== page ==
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TODAY'S PAPER

Kaepernick protest shows patriotism is revealed in many forms

Former NFL star Colin Kaepernick receives the Amnesty International Ambassador of Conscience Award from Amnesty International Secretary General Salil Shetty in April in Amsterdam. / AP / Peter Dejong

If Colin Kaepernick and his activism had come along 12 years earlier, the unemployed quarterback could easily have found himself kneeling on NFL sidelines during the playing of the national anthem to protest the 2004 death of former NFL star and Army Ranger Pat Tillman. Instead, Tillman’s legacy is being used by people who don’t understand it to shame both Kaepernick for challenging the establishment, and Nike for highlighting Kaepernick’s cause in its new advertising.

Tillman was killed by American soldiers while serving in Afghanistan. And the military went to great lengths to hide it.

In 2016, Kaepernick, then the quarterback of the San Francisco 49ers, began staying seated during the national anthem to protest the killing of unarmed black men by police officers. A few weeks later, he switched to kneeling after a former Seattle Seahawks player and Green Beret convinced Kaepernick it was the best way to protest while showing respect for the armed forces.

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Controversy has swirled around Kaepernick since, with President Donald Trump attacking him and others who knelt with name-calling tweet storms. Kaepernick is suing the NFL, claiming owners colluded in refusing to sign him last year.

But Kaepernick has support, too. He was GQ magazine’s 2017 citizen of the year. And this week, Nike introduced an ad campaign to celebrate the 30th anniversary of its “Just Do It!” slogan with a picture of Kaepernick and the text “Believe in something. Even if it means sacrificing everything.”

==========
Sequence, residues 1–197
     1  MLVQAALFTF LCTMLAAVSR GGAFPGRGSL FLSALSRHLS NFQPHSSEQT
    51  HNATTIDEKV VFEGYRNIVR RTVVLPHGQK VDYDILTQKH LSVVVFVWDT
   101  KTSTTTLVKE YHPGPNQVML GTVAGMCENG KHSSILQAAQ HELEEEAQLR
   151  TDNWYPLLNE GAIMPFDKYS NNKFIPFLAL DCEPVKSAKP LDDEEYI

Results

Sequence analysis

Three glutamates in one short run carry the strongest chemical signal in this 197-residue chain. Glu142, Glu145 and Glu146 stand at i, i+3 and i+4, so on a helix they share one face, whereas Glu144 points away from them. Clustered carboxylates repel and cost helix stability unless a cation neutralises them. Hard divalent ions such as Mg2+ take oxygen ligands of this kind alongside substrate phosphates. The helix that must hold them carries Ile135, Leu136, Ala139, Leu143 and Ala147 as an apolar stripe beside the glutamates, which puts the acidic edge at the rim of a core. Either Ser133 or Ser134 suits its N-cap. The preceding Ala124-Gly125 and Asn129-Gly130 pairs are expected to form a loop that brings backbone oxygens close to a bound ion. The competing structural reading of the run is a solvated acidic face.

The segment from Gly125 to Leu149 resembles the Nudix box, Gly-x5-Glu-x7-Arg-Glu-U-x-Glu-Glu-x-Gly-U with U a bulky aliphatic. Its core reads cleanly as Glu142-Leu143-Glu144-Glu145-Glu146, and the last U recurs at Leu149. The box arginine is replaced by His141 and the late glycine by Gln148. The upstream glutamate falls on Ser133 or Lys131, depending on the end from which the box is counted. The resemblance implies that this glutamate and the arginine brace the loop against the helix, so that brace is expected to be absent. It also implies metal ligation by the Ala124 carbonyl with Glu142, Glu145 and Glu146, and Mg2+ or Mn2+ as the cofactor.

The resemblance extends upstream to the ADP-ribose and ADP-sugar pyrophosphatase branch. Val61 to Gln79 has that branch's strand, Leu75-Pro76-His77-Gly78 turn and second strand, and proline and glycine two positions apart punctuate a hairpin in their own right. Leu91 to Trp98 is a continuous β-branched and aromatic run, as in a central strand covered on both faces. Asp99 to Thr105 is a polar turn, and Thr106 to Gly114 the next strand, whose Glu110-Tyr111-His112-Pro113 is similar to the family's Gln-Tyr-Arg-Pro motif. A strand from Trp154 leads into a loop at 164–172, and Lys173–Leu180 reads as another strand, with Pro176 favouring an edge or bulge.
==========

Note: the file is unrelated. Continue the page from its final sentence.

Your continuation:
That message is a misstep. “Believe in something. Even if it means sacrificing something,” would be better. Kaepernick has not sacrificed everything. He has not endangered himself or given away all his money or turned to fighting injustice full time. Kaepernick is no saint, and saying “sacrifice everything” is a thoughtless misstep along with his wearing of socks depicting police officers as pigs and a T-shirt picturing Che Guevara.

But the response from Kaepernick detractors, a doctored version of the ad that replaces Kaepernick with Tillman, does not sell the idea that America is so great none can protest it. It does the opposite.

Tillman gave up stardom with the Arizona Cardinals and joined the Army Rangers after 9/11, making him a poster boy for sacrifice and patriotism. He did a tour in Iraq, and according to his family and fellow soldiers, concluded it was a hopeless, pointless and illegal war. Then in 2004, Tillman was sent to Afghanistan to help hunt Osama bin Laden, the mission for which he’d joined.

Soon after he arrived, Tillman was killed in a barrage of gunfire by his own men, who mistook him for the enemy. The Army said he’d been killed by the enemy, and told Tillman’s fellow soldiers to lie. Those fellow soldiers burned Tillman’s uniform and body armor, destroying evidence. And the military used the fake story of Tillman’s death at enemy hands as a recruitment tool, only admitting to the lies when a stateside coroner discovered Tillman was gunned down by American bullets.

There’s a lot that a reasonable patriot could protest in Tillman’s story. There’s the nation’s unjustified war in Iraq. There’s its fixation on Afghanistan when it was Saudi Arabia that gave us bin Laden and 15 of the 19 airline hijackers. But most of all, there’s a soldier killed by his own men, and a government lying about it to advance its own agenda.

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If Colin Kaepernick ever gets another job in the NFL, he should take a knee during the national anthem. And he should do so to honor Pat Tillman and his family, victims of an imperfect government whose moral failures it is every American’s job to fight.

Lane Filler is a member of Newsday’s editorial board.